Michael Hynes Stamford Capital
Michael Hynes of Stamford Capital says developers are increasingly returning to mezzanine finance. Image Supplied.
  • Mezzanine finance is a unique hybrid of debt and equity finance
  • Strong pre-sales allow off-the-plan developers to secure this type of financing
  • Lower debt costs have also facilitated demand for mezzanine financing

Mezzanine financing is a unique hybrid of equity and debt financing that gives the lenders, in the case of default, the right to convert to an equity interest in the company.

Mezzanine loans don’t require payments during the term of the debt itself but rather at the end of the term. The main advantage of this is a company can improve its cash flow, helping it to pay off other debt first along with investing in the business.

Traditionally, this type of financing offers more generous returns but is riskier for both parties – owners are at the risk of losing equity and lenders risk losing their entire investment. In the case of bankruptcy, mezzanine lenders debt may not be fully recovered as senior debt holders get paid first.

According to Stamford Capital Joint Managing Director, Michael Hynes, savvy developers are using trading bank lenders and incorporating mezzanine finance into their development finance stack, due to strong sales demand for off-the-plan developments.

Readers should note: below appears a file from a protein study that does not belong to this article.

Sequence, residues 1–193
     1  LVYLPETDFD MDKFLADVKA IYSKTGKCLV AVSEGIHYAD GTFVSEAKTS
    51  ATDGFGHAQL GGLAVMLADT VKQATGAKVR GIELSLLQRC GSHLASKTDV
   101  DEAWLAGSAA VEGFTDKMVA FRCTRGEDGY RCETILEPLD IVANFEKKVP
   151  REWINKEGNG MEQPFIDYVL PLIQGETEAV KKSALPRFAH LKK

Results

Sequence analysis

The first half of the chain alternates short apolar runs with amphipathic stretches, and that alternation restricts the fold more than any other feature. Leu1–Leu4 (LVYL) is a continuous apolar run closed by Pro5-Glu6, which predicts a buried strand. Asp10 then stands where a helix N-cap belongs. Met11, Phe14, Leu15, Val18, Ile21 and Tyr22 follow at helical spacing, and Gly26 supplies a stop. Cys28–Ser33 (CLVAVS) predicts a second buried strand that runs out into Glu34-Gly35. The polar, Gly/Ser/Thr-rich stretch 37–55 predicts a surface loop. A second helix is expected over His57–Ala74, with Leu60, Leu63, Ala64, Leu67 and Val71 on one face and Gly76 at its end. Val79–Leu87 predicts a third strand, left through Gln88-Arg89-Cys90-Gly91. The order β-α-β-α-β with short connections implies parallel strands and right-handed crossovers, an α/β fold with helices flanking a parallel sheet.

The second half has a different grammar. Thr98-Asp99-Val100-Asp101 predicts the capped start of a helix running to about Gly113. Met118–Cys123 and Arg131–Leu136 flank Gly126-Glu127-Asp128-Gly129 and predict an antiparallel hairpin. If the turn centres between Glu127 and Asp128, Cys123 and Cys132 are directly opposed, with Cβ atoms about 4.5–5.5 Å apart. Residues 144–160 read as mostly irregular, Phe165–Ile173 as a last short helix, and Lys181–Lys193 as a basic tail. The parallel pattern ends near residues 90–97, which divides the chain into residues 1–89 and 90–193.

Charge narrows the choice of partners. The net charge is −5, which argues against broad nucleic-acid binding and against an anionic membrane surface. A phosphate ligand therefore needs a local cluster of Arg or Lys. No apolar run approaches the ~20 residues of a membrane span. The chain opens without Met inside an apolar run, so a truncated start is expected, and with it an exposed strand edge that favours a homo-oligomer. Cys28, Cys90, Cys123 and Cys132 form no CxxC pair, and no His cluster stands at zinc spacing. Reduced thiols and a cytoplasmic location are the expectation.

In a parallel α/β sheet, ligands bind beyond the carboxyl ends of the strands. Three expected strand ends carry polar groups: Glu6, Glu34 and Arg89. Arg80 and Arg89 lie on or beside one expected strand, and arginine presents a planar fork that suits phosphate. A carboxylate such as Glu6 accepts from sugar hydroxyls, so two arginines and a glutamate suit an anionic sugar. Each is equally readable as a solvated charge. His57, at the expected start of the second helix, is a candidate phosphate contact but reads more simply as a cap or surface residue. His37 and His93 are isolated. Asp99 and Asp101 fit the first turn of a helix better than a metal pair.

“Residential is back with a vengeance and particularly over the last six months, off-the-plan developers are able to show the strong pre-sales needed to secure mezzanine finance through the main trading banks.”

“Bank appetite for mezzanine hasn’t changed, yet over the last few years many developers struggled to meet pre-sales criteria in the wake of the GFC and stricter lending rules resulting from the Royal Commission. But that  landscape is completely transforming with a surge in residential pre-sales, making mezzanine finance more attainable.”

Michael Hynes, Stamford Capital Joint Managing Director

Mr Hynes added that the surge in residential pre-sales is transforming this landscape. He believes this makes mezzanine finance more attainable, as the combination of trading bank senior and junior debt in a development finance stack remains more competitive than non-bank senior-only alternatives.

“Our modelling indicates the savings are around 15%-20% of your borrowing costs. We closed a $20 million capital stack recently using bank and mezzanine, which proved $250,000 cheaper than the alternative non-bank senior-only solution,”

Notably, the company has seen banks closing mezzanine loans over existing investment assets. Traditionally for their lower risk profile, banks have favoured pre-sold developments.

Mr Hynes expects this trend to continue in the post-pandemic world.

“Mezzanine on existing investment assets is a new trend, no doubt helped by lower debt costs post-COVID relieving ICR covenant pressure. These stacks are presenting as a cheaper cocktail relative to the non-bank senior only alternative.”

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